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Kodak EasyShare Z650 Review

Key Specifications

  • Review Price: £156.95

Around this time last month I reviewed the Kodak P712, a 12x zoom, 7.1 megapixel high-end camera costing around £300. This week I’ve got its kid brother on the test bench. Where the P712 was aimed at the enthusiast photographer market, the EasyShare Z650 (what is it with naming cameras after motorbikes?) is pitched a little lower, at the point-and-shoot snapshot market. It’s a bit too big to be considered a pocket compact, but for the holiday snapper looking for a little more versatility it seems like the perfect solution. Kodak does a number of things very well indeed, and one of these is to make good, easy-to-use cameras at prices that anyone can afford. There aren’t many manufacturers that can beat it at this game.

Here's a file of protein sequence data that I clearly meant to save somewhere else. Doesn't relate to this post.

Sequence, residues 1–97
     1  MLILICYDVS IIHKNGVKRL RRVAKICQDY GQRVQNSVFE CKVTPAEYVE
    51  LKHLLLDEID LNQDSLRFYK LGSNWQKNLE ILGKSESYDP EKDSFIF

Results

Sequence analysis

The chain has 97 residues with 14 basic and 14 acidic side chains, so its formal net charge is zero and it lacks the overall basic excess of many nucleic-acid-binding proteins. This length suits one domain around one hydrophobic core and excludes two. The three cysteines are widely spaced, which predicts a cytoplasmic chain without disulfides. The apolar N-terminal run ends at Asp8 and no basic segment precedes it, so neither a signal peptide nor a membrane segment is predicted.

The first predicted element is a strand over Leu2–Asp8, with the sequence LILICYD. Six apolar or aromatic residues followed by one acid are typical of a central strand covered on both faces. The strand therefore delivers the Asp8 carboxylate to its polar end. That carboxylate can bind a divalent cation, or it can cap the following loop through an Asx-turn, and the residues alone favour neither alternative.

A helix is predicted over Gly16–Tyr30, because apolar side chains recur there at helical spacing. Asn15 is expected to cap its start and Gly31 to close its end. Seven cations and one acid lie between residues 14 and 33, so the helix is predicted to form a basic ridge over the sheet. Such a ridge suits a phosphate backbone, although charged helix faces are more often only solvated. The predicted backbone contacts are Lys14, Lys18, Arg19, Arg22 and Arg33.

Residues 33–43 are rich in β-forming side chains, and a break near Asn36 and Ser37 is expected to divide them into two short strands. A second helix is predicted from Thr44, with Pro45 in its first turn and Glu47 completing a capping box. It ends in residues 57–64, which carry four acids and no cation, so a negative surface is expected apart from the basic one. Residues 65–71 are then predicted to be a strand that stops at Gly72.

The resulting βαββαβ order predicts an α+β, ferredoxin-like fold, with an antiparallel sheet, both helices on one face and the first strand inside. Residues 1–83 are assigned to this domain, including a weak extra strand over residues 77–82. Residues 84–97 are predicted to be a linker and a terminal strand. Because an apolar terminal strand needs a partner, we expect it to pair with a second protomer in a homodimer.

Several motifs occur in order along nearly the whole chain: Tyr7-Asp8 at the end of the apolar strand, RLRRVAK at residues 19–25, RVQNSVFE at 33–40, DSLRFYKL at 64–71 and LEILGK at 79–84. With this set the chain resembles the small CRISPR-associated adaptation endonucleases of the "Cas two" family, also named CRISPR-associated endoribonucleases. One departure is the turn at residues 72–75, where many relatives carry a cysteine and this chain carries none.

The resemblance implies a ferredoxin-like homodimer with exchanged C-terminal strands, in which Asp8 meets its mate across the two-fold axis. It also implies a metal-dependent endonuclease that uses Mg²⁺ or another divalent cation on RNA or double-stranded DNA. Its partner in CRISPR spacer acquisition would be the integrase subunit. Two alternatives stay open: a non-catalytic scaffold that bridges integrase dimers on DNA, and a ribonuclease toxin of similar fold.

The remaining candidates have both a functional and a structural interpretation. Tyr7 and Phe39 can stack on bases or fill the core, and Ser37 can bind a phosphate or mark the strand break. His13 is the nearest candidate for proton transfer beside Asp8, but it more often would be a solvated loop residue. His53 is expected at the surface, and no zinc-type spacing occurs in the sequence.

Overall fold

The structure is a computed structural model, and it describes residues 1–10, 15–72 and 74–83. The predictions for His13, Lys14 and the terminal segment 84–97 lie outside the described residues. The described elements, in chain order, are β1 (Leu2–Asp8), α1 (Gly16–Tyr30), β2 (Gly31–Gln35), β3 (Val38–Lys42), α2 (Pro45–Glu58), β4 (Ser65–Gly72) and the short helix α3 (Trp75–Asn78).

The Z650 is a 6.1 MP SLR-style camera with a powerful 10x Schneider Kreuznach Variogon lens. It has a list price of just £199.99, and is available online and in several High Street stores for around £157, which is remarkably good value for a camera with this specification.


It’s a nice looking camera too. It is quite large, with a big comfortable handgrip, a 2in LCD monitor and an electronic viewfinder. Apart from the metal lens barrel, the majority of the body is plastic, but it feels solid and well made. The curved shape gives it an inherent strength and there are no creaks when it’s squeezed, however the card hatch does feel a bit on the flimsy side. The camera is finished in a nice semi-matt silver, with black rubberized areas on the handgrip, around the lens barrel and around the viewfinder eyepiece. It handles well, and feels very comfortable to hold.